Jupiter is now a late evening object, rising in the east. It rises by 9 p.m. on Feb. 1, and by Feb. 29 it comes up just before 7 p.m., which is during evening twilight. Jupiter comes to opposition on March 8, which is when Earth aligns with Jupiter and the Sun. That is why Jupiter is up all night long in late February and early March.
As dawn approaches this month, Jupiter will still be visible, this time high in the west. Meanwhile, the four other visible planets will have risen as well. That’s right, February 2016 features all five naked-eye planets at dawn!
Venus is in the southeast at dawn. You can’t miss it, as Venus outshines all the stars we see at night, and in fact outshines everything but the Sun and the Moon.
Mars is in the south at dawn. Noticeably reddish in tint, Mars continues to brighten each day until its opposition next spring.
Saturn is in the south southeast at dawn, above the distinctive pattern of Scorpius, the scorpion. Mars slowly approaches Saturn this month.
Mercury is the biggest challenge to find. This month, though, Mercury is very close to Venus and to its left. Thus, once you find Venus, the brightest dot to its left is Mercury.
Mercury is the first planet to leave the gathering as it heads back towards the Sun late this month. The cutoff date of Feb. 20 is somewhat arbitrary, though. It’s better to watch the sky and, using Venus as your guide, see for yourself when is the last day you can still see Mercury before losing it the Sun’s glare. The next to leave is Jupiter, which shifts into the evening sky after opposition.
Taurus, the Bull, is high in the south. Look for the Pleiades star cluster above reddish Aldebaran. Dazzling Orion, the Hunter, takes center stage on winter evenings. Surrounding Orion are the brilliant stars of winter. Orion’s belt points down to Sirius, the Dog Star, which outshines all other stars we ever see at night. The Little Dog Star, Procyon, rises with Sirius and is level with Orion’s shoulder as they swing towards the south. To the upper left of Orion’s shoulder is Gemini, the Twins.
Under Sirius and low to the southern horizon this month is a star that most Americans never get to see—Canopus. Representing the bottom (keel) of the legendary ship Argo, Canopus is the second brightest star ever visible at night. Thus, it is clearly noticeable along the southern horizon on February and March evenings. However, you must be south of 37 degrees north to see Canopus rise. (This is the line that divides Utah, Colorado, and Kansas from Arizona, New Mexico, and Oklahoma.)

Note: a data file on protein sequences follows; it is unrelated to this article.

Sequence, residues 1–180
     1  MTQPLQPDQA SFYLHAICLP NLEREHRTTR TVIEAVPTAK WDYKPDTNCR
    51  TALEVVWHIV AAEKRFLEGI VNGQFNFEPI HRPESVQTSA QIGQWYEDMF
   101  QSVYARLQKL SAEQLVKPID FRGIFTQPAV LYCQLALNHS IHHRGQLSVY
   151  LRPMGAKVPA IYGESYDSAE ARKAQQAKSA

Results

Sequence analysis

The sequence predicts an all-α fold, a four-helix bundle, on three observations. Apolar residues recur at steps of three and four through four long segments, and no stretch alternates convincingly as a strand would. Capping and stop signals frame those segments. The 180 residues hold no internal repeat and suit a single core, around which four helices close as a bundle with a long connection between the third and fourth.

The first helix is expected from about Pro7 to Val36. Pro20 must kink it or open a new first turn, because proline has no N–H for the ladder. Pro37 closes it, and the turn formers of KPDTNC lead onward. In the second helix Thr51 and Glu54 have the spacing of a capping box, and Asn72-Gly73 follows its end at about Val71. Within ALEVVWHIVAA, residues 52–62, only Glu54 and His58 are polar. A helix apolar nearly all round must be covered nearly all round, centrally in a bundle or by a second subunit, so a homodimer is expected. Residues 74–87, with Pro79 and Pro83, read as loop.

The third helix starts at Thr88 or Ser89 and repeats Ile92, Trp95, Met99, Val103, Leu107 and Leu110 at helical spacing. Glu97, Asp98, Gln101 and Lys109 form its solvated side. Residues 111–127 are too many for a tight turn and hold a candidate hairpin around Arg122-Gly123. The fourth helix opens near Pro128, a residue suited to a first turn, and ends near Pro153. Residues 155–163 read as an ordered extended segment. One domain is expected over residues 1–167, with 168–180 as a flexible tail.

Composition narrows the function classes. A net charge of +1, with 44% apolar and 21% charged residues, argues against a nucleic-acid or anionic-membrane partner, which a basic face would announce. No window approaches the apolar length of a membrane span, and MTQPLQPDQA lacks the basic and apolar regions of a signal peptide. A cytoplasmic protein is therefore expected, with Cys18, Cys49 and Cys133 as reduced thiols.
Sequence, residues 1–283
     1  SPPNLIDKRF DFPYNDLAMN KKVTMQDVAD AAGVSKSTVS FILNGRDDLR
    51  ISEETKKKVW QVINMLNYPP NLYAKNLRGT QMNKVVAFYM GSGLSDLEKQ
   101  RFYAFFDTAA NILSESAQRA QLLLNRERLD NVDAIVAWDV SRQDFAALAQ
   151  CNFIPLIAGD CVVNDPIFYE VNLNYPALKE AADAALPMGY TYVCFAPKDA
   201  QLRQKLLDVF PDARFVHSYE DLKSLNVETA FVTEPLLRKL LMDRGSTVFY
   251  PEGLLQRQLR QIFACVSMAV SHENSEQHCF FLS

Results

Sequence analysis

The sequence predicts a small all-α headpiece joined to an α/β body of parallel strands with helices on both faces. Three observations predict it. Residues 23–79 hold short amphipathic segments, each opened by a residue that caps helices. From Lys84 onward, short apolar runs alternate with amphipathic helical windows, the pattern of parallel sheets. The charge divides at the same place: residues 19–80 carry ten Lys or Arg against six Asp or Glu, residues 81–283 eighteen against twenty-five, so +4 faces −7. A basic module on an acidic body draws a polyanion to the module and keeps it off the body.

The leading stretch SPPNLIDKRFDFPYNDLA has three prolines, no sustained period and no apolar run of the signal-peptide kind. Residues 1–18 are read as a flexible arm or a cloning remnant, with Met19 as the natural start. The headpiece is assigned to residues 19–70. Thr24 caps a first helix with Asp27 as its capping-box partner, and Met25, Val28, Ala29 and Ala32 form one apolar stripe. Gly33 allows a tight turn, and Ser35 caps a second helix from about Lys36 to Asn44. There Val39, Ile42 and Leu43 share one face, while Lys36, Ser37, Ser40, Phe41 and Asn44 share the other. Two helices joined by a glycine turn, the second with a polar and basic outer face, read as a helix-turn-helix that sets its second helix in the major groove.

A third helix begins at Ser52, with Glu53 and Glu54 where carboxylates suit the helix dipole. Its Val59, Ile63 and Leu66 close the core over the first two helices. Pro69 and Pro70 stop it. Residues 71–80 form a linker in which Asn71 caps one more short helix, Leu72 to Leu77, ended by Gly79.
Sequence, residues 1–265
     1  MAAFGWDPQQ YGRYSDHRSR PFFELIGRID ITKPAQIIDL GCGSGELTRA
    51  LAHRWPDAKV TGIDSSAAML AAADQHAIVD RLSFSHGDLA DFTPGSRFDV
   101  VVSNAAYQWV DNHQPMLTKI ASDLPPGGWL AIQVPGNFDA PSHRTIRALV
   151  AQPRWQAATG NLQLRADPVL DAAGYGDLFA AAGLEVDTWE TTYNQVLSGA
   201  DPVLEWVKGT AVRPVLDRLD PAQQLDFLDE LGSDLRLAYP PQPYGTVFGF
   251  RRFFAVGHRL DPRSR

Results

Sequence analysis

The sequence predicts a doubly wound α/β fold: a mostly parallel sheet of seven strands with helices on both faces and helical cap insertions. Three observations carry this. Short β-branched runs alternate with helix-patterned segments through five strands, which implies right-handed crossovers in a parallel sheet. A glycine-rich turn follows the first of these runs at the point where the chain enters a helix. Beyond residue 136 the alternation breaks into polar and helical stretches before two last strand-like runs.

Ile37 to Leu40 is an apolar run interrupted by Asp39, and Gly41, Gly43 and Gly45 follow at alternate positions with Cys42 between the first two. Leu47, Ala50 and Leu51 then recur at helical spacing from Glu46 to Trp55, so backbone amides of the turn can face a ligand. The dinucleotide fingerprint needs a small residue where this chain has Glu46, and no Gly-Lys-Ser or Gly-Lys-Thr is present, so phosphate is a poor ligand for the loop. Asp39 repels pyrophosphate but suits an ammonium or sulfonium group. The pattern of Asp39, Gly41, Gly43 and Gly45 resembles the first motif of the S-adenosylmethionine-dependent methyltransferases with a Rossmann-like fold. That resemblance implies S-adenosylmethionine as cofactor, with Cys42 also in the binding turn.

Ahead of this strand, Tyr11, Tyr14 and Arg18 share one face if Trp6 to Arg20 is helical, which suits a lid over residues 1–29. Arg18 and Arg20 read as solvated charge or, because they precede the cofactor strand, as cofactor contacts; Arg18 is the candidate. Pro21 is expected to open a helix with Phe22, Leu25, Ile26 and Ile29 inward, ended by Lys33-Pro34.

The sky we see depends on our latitude as well as on the time of night and time of year. From any given location in our hemisphere, there is an area of the sky around the North Star in which stars never set (circumpolar stars), and an equivalent area around the South Celestial Pole in which stars never rise. The closer you are to the pole, the larger these areas are. The closer you get to the equator, the fewer circumpolar stars there are, but there are also fewer stars that never rise for you. At the equator, no stars are either circumpolar or never visible; all of them rise and set as Earth turns.
That’s why, down here in south Texas, the Big Dipper sets for a while although it’s always up for most Americans. On the other hand, Canopus, too far south to rise for most Americans, rises for us.
Moon Phases in February 2016:
Last Quarter: Jan. 31, 9:28 p.m.
New: Feb. 8, 8:39 a.m.
First Quarter: Feb. 15, 1:46 a.m.
Full: Feb. 22, 12:20 p.m.
(February is so short that last quarter Moons occur on Jan. 31 and March 1, but not in February).
The New Moon of Feb. 8 is the second New Moon after the winter solstice. Accordingly, it marks Chinese New Year. Welcome to the Year of the Monkey!
Monday, Feb. 29, is leap day. This day exists because our normal year of 365 days is too short. The true length of one Earth orbit around the Sun is 365 days and almost 6 hours. No one wants to begin a year in the middle of a day, however. Therefore, we let the error add up over four years, until it becomes 24 hours, or one whole day, then add that day back to the calendar. Thus, February 29 occurs every four years.
Almost 6 hours? Well, alright, the difference between our orbit and our year is actually 5 hours, 49 minutes, and 16 seconds. That makes our system a very slight overcorrection. To prevent that from adding up, we’ll skip leap day in 2100, 2200, and 2300.
On most clear Saturday nights at the George Observatory, you can hear me do live star tours on the observation deck with a green laser pointer. If you’re there, listen for my announcement.